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London is made up of 32 boroughs, some of which are host to some of the most expensive properties in the world, which reside next to social housing, owned by the state and rented at around a third of the cost on the open market. London continues to see demand move onwards and upwards as the population is ever increasing from a mix of people who have lived there all their lives, through to those around the UK and abroad looking to find their own fortune! Because of the huge area London covers and the vast differences within it, we don’t like reporting just on ‘London’, so instead have created our own monthly London property report. Read more to find out what's happening to the London prices and rents.
Over the last eleven years I have produced the Belvoir Index to give landlords an up-to-date and accurate picture of what’s actually happening to rents in their area, as opposed to just looking at ‘averages’. The Belvoir Index offers invaluable rental information, not only for the UK on average, but also for each country and region and, most importantly, for individual offices. We not only assimilate and evaluate data from many of the offices around the UK, we also ask for individual feedback from offices in towns and cities in each country. Read the full article to find out what's really happening to rents in your area.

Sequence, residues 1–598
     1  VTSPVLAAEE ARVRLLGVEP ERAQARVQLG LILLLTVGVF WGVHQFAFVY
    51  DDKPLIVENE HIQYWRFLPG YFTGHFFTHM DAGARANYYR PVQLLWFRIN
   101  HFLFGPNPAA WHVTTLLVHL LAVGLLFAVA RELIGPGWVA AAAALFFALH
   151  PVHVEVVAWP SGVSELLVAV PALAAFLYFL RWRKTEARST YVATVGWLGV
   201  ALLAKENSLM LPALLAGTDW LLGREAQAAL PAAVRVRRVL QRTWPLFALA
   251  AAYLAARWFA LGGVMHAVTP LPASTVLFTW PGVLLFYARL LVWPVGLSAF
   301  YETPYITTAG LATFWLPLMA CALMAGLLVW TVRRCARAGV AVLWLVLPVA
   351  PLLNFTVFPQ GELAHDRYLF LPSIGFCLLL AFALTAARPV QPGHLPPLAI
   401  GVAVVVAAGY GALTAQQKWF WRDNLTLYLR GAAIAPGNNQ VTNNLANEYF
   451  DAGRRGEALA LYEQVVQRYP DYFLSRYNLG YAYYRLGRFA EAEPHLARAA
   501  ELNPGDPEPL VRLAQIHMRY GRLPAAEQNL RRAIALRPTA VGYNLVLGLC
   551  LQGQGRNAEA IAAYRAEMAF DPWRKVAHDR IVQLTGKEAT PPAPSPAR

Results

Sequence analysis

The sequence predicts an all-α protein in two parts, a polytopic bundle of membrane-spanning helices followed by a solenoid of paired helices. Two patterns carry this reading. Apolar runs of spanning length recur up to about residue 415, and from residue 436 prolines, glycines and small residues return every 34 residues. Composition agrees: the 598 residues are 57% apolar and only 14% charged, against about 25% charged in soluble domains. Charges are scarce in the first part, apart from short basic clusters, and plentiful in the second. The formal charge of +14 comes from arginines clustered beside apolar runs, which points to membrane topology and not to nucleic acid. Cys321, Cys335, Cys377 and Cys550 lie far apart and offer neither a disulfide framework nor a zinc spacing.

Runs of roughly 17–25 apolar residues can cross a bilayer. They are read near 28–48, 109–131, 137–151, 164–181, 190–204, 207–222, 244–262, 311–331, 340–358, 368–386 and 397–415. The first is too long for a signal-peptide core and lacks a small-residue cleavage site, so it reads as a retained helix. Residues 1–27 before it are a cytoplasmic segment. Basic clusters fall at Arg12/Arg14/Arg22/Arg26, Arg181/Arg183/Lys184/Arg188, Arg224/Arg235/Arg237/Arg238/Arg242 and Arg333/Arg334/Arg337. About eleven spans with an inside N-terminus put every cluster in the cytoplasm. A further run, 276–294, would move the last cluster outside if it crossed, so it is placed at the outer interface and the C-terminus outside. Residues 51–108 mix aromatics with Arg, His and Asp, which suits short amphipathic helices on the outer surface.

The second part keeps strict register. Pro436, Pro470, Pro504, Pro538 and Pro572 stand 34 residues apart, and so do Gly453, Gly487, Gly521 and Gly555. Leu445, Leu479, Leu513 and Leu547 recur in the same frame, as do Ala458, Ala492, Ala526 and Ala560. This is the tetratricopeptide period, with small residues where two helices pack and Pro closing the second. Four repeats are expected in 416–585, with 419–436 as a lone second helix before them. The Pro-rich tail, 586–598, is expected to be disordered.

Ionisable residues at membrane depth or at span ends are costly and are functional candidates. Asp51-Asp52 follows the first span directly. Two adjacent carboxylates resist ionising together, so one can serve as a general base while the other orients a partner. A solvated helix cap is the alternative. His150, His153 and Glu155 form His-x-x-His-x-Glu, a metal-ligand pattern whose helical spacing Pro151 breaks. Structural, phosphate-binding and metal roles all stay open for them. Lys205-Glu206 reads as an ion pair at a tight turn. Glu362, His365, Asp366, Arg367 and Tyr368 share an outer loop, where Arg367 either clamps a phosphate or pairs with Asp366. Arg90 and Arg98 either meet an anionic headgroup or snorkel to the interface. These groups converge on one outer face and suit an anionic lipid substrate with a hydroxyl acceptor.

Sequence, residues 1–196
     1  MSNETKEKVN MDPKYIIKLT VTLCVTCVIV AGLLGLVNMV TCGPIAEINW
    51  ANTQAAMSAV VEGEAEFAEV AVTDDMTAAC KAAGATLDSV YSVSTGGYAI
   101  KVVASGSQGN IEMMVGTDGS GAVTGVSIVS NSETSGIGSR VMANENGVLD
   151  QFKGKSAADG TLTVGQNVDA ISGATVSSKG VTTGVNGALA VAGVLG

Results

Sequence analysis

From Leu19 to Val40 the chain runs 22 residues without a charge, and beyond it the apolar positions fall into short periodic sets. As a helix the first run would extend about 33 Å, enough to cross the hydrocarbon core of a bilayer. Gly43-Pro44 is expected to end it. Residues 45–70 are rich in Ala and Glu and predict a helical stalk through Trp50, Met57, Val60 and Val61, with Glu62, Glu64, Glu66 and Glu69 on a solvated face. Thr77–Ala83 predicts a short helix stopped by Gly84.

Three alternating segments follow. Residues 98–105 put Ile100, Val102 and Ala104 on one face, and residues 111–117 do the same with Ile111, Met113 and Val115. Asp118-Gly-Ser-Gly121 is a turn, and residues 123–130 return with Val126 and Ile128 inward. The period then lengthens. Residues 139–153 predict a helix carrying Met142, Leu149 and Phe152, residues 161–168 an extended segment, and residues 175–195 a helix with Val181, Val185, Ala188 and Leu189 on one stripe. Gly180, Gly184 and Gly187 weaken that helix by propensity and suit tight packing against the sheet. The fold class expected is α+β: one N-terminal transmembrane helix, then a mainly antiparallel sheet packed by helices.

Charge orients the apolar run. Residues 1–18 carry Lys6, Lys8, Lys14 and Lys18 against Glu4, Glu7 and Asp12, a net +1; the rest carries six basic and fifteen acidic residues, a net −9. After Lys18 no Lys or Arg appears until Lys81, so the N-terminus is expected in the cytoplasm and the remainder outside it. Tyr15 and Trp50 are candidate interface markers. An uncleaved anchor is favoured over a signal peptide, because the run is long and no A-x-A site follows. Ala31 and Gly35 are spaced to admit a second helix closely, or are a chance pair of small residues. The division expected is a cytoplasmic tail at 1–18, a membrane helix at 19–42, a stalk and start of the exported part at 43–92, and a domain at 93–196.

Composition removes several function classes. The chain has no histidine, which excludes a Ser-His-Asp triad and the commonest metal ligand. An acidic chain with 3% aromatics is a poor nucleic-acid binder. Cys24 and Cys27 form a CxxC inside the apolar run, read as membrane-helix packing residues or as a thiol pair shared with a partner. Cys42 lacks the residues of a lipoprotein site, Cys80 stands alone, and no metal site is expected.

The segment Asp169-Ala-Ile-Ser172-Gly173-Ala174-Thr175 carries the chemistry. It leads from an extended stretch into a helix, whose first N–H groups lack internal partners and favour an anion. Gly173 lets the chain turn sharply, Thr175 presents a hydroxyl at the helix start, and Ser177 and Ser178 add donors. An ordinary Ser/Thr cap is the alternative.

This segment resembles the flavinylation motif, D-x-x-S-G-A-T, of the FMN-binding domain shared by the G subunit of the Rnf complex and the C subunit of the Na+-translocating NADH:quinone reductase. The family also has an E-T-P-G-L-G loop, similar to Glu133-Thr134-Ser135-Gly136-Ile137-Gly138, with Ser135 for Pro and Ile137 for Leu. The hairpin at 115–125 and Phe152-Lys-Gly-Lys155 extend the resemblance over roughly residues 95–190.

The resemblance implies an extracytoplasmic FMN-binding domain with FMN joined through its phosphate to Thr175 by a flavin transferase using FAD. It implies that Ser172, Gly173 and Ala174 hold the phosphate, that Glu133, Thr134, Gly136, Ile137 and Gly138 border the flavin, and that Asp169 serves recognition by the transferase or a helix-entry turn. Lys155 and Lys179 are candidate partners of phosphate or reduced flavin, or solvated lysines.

I was recently chatting to Clive Bull on LBC about the up and coming election and housing policies. He asked me an interesting question: are you looking forward to hearing about new government housing policies? My answer surprised me a little, as normally I would just say yes and then go on to talk about existing and proposed policies and their pros and cons, but as I was thinking on my feet, what I actually said was ‘no’, what we really need is practical solutions, not policies. And I do think this is key to sorting out housing problems.
With much of the press regularly reporting that it’s impossible for youngster’s to get on the housing ladder today, I thought it would be interesting to see what teenagers in my local area – Nottingham – thought about their chances of getting on the property market. Rather than interrogate budding buyers myself, I thought it best to let one of their peers run the research – and film the results.